We know that the labor and delivery experience can be both exciting and stressful for moms and family members. That’s why at the Nest at Baptist Health System, we’re here to help you feel safe and comfortable from the moment you step into one of our labor and delivery hospitals in San Antonio to the time you go home with your newborn. Everything you may need during childbirth is right here, including access to a Level IV Neonatal Intensive Care Unit (NICU) should the circumstances call for it.
As you approach your due date, you may see some signs that you’re about to start the labor experience. For example, you may notice that your baby has moved lower into your pelvis, also known as "lightening." If you go to a pelvic exam in the latter part of the third trimester, your OB/GYN may also see changes in your cervix which may suggest that your body is getting ready. Some women report that they feel “energized” and have the impulse to clean, cook or do something before their labor experience; this is called "nesting." Here are some other signs that labor is approaching:
Your water breaks
You have contractions that become stronger at shorter intervals
You have cramping and lower back pain that does not go away
You have a bloody (brown or red) mucus discharge
If you experience any of these signs, call your doctor or midwife immediately, even if it happens weeks before your due date, as you may experience preterm labor. Your doctor or midwife will then decide if it's time to go to The Nest at a Baptist Health Hospital or if you can go to their clinic first.
Labor progresses in three stages, though each stage is unique to each mother.
Stage 1: Stage one occurs in two parts and marks the time when a woman's body prepares for birth.
Part 1 (early labor): Contractions begin during early labor, but they may be mild and infrequent. They become closer and stronger over time. Early labor may be experienced at home with guidance from your provider.
Part 2 (active labor): Contractions are now close together with little to no space in between. The cervix dilates to ten centimeters and the baby is ready to be born.
Stage 2: In this stage, you will push the baby through the birth canal in time with your contractions. Your baby is almost here!
Stage 3: Within five to ten minutes of birth, you will experience more contractions to help you deliver the placenta. This marks the end of labor and delivery and the beginning of the postpartum phase.
Everyone feels differently about managing pain during labor and delivery, and we support the choices you make for your birth experience. Though we can't predict how your labor will progress, it can be helpful to come up with a plan for the type of pain management you'd like to try while at the hospital.
Natural remedies: If you're opting for a drug-free childbirth, there are many ways to manage pain without medication. Breathing techniques, water therapy, changing positions and partner massages can be helpful in relaxing you and distracting you from pain.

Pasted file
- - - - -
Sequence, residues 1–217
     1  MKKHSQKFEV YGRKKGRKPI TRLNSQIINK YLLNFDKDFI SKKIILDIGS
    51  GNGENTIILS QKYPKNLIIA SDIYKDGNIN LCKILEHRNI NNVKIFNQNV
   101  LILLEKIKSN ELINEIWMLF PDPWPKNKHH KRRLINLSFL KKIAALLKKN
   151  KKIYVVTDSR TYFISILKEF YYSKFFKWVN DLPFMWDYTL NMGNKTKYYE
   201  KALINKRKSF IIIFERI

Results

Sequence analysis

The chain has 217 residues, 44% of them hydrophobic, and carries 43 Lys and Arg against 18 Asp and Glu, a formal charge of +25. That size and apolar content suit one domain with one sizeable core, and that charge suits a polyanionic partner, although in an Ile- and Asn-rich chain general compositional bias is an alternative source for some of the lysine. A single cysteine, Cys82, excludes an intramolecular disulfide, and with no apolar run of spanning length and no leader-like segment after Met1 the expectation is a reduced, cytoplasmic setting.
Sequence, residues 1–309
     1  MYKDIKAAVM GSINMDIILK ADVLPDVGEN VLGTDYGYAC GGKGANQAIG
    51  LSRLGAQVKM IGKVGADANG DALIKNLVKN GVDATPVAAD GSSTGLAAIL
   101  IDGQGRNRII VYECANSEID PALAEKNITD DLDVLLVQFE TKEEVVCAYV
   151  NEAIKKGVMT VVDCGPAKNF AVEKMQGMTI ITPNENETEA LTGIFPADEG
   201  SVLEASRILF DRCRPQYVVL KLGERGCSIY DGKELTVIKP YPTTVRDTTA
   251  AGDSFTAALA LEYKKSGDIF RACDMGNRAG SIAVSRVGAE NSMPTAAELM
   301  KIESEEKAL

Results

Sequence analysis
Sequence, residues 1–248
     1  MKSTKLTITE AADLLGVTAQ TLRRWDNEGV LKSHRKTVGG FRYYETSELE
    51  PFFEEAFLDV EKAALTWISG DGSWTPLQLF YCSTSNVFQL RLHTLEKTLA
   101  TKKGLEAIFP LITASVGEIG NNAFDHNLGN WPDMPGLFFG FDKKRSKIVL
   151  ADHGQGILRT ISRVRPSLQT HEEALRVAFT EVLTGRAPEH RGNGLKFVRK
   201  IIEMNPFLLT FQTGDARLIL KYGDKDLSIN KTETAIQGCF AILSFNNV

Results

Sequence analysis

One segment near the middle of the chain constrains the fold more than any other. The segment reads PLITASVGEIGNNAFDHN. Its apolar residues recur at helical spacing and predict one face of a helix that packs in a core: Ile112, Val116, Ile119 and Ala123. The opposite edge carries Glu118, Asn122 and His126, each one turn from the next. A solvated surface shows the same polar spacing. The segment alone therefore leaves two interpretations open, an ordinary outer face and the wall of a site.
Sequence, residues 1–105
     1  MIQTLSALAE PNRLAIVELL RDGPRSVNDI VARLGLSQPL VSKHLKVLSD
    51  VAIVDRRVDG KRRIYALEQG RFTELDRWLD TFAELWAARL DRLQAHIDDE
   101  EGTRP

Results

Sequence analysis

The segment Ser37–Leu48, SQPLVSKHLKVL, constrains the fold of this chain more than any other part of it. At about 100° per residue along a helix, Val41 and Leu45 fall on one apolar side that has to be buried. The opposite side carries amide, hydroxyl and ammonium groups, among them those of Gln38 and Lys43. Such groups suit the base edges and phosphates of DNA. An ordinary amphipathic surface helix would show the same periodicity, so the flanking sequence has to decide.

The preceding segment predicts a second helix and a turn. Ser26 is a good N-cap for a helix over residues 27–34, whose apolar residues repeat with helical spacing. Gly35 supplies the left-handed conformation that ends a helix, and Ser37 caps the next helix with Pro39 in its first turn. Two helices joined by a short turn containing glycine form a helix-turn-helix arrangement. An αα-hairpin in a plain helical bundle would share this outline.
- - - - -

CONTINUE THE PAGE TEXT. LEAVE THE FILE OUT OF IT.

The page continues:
Narcotics: These medications can help to dull pain without removing sensation entirely. These drugs may affect baby's breathing at birth and can't be given close to delivery. They may also cause grogginess and/or nausea.
Epidural: A catheter is placed into your epidural space and medication is administered to decrease feeling in your lower body. This method of pain relief takes approximately 20 minutes to take full effect and can be left in for hours to administer additional doses. You will be unable to leave the bed once an epidural has been placed.
Spinal block: Unlike an epidural, a spinal block is a single injection that works immediately to decrease feeling in the lower half of your body for one to two hours. This method is usually used in c-sections.
Learn more about what to expect during labor and delivery, including a breakdown of what you'll experience once you arrive at the hospital.
No matter which Baptist hospital you choose, our labor and delivery suites come equipped with everything you'll need, from dimmable lighting and large windows to abundant storage and spacious visitor areas.
Take a 360º virtual tour of our facilities now to see labor and delivery rooms at all our locations.
When it comes to packing your hospital bag, it's best to have things ready around a month before your due date. After all, only around five percent of babies are born on their actual due date. Packing early gives you enough time to prepare for the unexpected, but should things move faster than planned, you can rest assured knowing the Nest will provide you with all essential supplies for you and your newborn.
The Nest at Baptist Health System provides gowns, socks, underwear and postpartum supplies including pads, ice packs, pericare supplies, wraps and more. We'll also provide diapers, wipes, blankets, hats and bathing supplies for your new arrival.
Need help packing your bags? Download our free hospital bag checklist below.
Babies don't always stick to the plan. If your little one decides he or she is ready to arrive at 3:00AM, you may be wondering if your doctor will even be awake to help you deliver. That's why at the Nest at Baptist Health System, we have 24/7 OB hospitalists on site to give you peace of mind. Always on-site, our OB Hospitalists support your doctor or midwife and your birth plan, providing care when your physician is not immediately available.
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